13. I am a relatively new blogger so it’s incredibly inspiring to hear about your trials and tribulations and how far you’ve come. Congratulations! I don’t think I have the writing bug like you but I absolutely love food and food photography, so the writing part needs to be nurtured more… But what a joy sharing a passion is – I agree! Thanks for sharing your journey and look forward so much to your next post (and book!).

    • Thanks Val. It is really lovely to read your comment. Enjoy your journey and my next book should be out soon, should I get it together (i.e. stop travelling for a bit).

  14. Happy ‘blog-a-versary’ (if that’s the correct term) !

    I’m very glad you did take the risk and start blogging – I’ve only been reading your posts for a short while but I’ve come to look forward to them lots :D You have a lovely style and I find your travel stories particularly evocative.

    This year I’ve just started writing for an audience after writing for myself for as long as I can remember – it’s terrifying and the most exciting thing I’ve ever done. Your advice is excellent.

  15. Happy blog birthday! You really are an inspiration and helped me start my own blog. I love your style, your natural talent and great enthusiasm. You make me feel normal for being so obsessed with recipes and food!

  16. Thanks Niamh that was very honest of you-good luck with the next 6 years. Am planning bank holiday meal with family-belly pork with lentils as per Comfort and Spice. Grainne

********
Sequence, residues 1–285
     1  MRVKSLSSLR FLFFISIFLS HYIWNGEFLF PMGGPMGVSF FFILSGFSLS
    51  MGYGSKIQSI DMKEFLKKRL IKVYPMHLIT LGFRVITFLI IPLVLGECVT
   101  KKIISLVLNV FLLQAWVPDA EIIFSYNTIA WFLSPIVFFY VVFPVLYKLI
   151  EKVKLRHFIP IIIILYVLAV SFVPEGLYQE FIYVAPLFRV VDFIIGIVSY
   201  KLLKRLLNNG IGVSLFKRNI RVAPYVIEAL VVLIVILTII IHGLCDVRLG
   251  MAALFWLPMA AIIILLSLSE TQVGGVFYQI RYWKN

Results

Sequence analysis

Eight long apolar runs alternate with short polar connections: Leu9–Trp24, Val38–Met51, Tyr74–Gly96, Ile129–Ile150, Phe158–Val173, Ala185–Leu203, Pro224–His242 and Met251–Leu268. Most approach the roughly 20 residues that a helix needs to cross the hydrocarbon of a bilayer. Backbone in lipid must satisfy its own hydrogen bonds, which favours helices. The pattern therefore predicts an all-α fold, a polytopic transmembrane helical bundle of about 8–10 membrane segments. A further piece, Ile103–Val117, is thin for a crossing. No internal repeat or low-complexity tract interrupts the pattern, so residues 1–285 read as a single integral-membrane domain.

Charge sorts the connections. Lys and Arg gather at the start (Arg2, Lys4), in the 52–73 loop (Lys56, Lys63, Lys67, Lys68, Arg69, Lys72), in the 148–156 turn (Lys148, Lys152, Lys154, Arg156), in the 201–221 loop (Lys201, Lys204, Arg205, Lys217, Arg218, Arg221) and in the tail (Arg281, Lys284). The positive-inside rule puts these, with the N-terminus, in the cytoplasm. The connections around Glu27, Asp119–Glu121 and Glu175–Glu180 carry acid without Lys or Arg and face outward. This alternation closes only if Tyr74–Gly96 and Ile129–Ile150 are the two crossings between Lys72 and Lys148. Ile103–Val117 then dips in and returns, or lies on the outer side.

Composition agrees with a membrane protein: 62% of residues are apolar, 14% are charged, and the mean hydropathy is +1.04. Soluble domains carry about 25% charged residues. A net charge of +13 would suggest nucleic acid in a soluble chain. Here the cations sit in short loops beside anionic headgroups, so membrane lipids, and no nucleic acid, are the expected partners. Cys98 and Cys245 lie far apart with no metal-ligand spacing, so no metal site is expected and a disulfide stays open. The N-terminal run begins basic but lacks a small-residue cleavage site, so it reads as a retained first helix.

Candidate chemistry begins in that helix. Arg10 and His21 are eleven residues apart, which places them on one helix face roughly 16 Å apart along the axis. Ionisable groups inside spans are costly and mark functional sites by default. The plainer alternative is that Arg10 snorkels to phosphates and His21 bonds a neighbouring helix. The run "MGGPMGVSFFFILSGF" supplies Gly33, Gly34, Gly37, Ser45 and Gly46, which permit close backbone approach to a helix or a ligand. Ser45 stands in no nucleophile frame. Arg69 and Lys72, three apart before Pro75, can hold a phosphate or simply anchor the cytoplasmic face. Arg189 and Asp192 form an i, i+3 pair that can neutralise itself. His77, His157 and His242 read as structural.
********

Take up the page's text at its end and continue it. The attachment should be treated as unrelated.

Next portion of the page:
17. Carolyn Brown says

    Congrats and what an amazing journey full of passion and risk! Inspiring!!!

  18. Congratulations, Niamh. A great post and I think everyone reading it can identify with it in some way. You’re ‘a great bit of stuff’! :)

  19. Sue says

    Hello Niamh, thank you for a fantastic blog – it feels like you’re emailing me about your latest adventures! Your blog has lead me to others and has also given some lovely scoffing ideas which I share with another Irish foodie I work with in Sussex. So here’s to many more years of your fantastic writing. One thing though… are you ever at home?!

  20. Emily says

    Niamh — congratulations and thanks for pursing your passion! I love your book and your blog and your facebook posts :) I have such an insatiable appetite for cookbooks and recipes that I can hardly wait to get back to the kitchen; I even wonder at the intensity of the desire. Good to know that others feel it, too! Carry on!

  21. Congratulations! It’s so inspiring to read about your journey and to see how much you love what you do (even though it’s a lot of hard work too!)

  22. Great advice – I always wanted to write but ironically felt I had nothing to say. Blogging has really helped me find my voice and I really enjoy doing it. Thank you for your inspiration and Happy Anniversary.